At a hundred yards the Arabella's forward guns, which had meanwhile been reloaded, fired again at the Milagrosa, and this time smashed her bowsprit into splinters; so that for a moment she yawed wildly to port. Don Miguel swore profanely, and then, as the helm was put over to swing her back to her course, his own prow replied. But the aim was too high, and whilst one of the shots tore through the Arabella's shrouds and scarred her mainmast, the other again went wide. And when the smoke of that discharge had lifted, the English ship was found almost between the Spaniards, her bows in line with theirs and coming steadily on into what his lordship deemed a death-trap.

Lord Julian held his breath, and Miss Bishop gasped, clutching the rail before her. She had a glimpse of the wickedly grinning face of Don Miguel, and the grinning faces of the men at the guns in the waist.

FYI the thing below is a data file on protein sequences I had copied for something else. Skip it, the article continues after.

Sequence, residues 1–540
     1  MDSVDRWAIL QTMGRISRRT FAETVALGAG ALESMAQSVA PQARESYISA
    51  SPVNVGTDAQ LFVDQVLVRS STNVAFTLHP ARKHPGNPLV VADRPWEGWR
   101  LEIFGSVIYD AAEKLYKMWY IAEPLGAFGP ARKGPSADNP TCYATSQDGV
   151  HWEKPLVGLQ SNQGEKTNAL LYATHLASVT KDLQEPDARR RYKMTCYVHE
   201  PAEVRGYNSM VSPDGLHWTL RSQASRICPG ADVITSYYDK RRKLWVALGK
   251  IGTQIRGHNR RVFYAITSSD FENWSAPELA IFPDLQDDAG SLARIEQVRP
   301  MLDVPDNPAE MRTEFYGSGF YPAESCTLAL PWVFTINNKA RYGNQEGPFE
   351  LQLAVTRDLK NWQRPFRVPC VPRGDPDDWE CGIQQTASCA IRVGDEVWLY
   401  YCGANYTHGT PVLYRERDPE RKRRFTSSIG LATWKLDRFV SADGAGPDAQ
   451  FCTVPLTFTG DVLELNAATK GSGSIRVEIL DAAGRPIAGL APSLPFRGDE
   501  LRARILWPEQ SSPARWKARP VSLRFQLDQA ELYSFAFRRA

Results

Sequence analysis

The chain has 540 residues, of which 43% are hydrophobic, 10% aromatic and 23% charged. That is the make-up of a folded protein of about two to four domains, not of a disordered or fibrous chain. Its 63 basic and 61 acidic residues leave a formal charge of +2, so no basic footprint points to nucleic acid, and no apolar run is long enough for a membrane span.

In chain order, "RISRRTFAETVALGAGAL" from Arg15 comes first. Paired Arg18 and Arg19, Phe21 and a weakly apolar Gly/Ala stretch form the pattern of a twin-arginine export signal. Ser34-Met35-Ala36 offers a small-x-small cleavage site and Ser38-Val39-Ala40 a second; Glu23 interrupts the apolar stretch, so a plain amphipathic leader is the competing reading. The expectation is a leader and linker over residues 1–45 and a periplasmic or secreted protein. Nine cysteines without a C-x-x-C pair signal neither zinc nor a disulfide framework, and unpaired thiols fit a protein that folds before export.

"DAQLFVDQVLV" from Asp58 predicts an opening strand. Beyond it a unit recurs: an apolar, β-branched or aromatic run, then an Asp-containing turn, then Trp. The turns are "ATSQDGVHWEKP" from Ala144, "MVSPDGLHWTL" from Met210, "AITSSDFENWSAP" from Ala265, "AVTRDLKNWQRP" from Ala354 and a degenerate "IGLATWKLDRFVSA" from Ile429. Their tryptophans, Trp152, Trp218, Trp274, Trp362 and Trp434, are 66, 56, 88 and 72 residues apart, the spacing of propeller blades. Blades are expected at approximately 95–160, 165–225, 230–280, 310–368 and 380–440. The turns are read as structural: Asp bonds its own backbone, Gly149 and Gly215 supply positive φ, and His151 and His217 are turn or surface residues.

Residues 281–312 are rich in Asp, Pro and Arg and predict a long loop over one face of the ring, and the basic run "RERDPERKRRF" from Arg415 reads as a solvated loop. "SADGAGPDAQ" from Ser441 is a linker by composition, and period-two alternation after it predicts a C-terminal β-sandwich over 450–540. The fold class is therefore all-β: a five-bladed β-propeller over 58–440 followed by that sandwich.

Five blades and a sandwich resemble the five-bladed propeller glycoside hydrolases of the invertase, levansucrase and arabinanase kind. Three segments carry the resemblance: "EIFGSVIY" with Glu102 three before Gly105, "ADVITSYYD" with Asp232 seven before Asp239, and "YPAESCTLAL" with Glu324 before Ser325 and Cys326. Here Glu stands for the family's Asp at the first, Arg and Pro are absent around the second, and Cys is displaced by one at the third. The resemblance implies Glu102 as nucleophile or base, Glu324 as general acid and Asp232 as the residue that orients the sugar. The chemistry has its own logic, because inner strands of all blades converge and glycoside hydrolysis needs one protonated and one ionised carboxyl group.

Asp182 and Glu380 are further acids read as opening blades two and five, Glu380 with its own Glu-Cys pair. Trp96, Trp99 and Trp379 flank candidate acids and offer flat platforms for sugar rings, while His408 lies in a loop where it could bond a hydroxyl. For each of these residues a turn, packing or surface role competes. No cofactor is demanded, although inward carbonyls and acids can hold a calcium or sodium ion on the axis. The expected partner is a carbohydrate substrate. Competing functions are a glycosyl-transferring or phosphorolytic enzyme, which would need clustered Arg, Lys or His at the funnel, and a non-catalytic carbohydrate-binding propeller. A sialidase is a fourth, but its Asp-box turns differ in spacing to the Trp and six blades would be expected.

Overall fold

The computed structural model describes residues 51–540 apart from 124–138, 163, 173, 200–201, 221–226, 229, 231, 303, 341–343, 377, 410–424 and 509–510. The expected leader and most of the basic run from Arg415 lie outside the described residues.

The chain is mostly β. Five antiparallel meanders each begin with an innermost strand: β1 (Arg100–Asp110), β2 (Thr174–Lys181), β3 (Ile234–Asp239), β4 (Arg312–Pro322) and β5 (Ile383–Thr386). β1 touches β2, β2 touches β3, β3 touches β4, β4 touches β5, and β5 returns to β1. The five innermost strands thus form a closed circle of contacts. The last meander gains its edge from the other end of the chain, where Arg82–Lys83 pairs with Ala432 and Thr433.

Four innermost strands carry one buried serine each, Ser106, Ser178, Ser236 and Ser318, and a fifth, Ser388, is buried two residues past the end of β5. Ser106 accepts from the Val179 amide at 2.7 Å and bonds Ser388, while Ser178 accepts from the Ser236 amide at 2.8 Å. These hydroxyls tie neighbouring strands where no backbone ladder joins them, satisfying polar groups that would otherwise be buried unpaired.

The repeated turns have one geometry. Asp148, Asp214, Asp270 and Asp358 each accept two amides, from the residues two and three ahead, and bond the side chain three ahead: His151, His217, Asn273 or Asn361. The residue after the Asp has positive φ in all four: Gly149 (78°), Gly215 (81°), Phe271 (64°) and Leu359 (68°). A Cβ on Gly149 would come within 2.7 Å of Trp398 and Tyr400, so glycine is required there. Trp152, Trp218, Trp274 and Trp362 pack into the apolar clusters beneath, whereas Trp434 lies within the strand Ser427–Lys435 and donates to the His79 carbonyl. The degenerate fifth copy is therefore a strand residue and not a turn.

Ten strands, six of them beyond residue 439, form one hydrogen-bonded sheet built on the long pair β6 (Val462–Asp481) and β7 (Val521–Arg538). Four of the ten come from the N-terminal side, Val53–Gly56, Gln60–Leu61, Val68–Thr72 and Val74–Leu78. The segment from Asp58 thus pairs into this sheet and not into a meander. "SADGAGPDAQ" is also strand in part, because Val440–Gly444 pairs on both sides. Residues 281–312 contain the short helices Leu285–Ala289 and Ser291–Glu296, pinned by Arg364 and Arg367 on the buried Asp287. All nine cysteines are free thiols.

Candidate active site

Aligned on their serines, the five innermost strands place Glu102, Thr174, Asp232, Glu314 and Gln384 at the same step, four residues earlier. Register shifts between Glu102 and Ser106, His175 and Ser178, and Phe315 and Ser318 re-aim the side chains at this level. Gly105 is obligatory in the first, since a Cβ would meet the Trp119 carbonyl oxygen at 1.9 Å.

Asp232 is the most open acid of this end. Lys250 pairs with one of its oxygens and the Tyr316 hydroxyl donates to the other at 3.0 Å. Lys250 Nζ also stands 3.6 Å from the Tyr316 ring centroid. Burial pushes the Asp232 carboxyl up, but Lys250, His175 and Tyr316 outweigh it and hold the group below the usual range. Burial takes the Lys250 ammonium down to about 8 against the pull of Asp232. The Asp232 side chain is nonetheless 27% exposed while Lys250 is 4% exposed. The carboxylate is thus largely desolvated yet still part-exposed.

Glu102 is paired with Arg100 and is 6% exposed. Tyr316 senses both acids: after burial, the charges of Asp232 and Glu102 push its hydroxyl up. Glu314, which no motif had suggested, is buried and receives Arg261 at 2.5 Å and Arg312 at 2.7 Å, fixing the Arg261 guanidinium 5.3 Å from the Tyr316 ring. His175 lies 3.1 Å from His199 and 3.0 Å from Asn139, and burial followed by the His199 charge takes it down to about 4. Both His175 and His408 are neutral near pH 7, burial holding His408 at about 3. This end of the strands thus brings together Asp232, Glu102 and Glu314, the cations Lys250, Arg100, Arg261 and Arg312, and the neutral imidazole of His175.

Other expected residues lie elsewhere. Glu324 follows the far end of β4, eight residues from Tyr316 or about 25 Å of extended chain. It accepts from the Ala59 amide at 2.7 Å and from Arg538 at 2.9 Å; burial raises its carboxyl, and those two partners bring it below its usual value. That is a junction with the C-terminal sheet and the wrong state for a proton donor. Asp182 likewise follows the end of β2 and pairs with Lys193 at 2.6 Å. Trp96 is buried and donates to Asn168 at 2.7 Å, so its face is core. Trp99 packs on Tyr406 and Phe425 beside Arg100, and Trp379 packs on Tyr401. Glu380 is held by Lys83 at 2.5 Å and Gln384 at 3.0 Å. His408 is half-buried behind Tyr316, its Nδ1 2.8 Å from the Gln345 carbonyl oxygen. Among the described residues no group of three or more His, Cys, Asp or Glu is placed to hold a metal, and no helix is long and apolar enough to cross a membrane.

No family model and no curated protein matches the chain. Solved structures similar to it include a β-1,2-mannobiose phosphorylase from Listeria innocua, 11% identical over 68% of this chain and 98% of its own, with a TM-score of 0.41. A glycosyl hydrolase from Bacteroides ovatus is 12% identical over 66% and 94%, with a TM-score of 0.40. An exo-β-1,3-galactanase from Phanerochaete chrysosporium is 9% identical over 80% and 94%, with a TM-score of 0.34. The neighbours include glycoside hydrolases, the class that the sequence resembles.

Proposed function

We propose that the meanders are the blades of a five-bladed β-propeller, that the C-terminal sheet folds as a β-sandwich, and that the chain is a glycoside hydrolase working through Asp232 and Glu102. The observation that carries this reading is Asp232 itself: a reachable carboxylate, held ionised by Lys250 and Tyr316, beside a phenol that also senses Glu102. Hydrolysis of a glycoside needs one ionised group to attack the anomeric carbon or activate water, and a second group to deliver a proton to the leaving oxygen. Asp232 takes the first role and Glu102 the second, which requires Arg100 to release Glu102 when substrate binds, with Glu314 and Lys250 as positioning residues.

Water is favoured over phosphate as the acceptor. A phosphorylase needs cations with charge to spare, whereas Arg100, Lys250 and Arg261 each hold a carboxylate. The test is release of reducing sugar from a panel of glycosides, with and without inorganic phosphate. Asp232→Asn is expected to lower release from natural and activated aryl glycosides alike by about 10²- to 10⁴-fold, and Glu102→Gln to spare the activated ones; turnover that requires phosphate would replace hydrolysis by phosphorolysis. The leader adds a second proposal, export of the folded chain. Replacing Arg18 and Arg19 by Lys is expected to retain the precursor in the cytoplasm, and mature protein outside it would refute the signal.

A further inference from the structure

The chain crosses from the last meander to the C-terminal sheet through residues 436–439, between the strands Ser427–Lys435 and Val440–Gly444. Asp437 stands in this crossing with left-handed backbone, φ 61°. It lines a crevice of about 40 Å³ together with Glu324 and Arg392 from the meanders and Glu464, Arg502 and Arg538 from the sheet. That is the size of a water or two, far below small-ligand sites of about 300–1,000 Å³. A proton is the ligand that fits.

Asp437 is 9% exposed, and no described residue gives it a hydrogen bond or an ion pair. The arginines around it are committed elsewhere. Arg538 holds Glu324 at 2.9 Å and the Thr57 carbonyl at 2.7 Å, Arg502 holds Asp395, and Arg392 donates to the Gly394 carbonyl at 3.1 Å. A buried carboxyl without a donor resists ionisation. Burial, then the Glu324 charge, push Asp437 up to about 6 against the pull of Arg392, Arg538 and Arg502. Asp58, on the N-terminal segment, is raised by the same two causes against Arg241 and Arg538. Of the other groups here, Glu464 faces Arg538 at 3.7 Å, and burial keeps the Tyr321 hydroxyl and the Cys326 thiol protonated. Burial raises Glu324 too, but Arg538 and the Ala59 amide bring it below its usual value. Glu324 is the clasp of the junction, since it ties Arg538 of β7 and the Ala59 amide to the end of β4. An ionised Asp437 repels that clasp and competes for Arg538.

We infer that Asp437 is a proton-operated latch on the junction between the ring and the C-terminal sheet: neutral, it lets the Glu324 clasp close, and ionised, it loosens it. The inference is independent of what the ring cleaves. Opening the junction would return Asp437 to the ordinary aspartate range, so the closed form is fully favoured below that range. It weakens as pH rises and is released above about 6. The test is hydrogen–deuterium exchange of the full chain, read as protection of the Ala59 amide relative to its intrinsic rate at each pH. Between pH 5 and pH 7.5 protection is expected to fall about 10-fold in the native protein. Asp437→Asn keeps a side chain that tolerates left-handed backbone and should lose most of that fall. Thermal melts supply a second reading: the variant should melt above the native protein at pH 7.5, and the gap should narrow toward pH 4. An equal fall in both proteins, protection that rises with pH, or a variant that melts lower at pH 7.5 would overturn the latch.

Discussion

At last the Arabella was right between the Spanish ships prow to poop and poop to prow. Don Miguel spoke to the trumpeter, who had mounted the quarter-deck and stood now at the Admiral's elbow. The man raised the silver bugle that was to give the signal for the broadsides of both ships. But even as he placed it to his lips, the Admiral seized his arm, to arrest him. Only then had he perceived what was so obvious—or should have been to an experienced sea-fighter: he had delayed too long and Captain Blood had outmanoeuvred him. In attempting to fire now upon the Englishman, the Milagrosa and her consort would also be firing into each other. Too late he ordered his helmsman to put the tiller hard over and swing the ship to larboard, as a preliminary to manoeuvring for a less impossible position of attack. At that very moment the Arabella seemed to explode as she swept by. Eighteen guns from each of her flanks emptied themselves at that point-blank range into the hulls of the two Spanish vessels.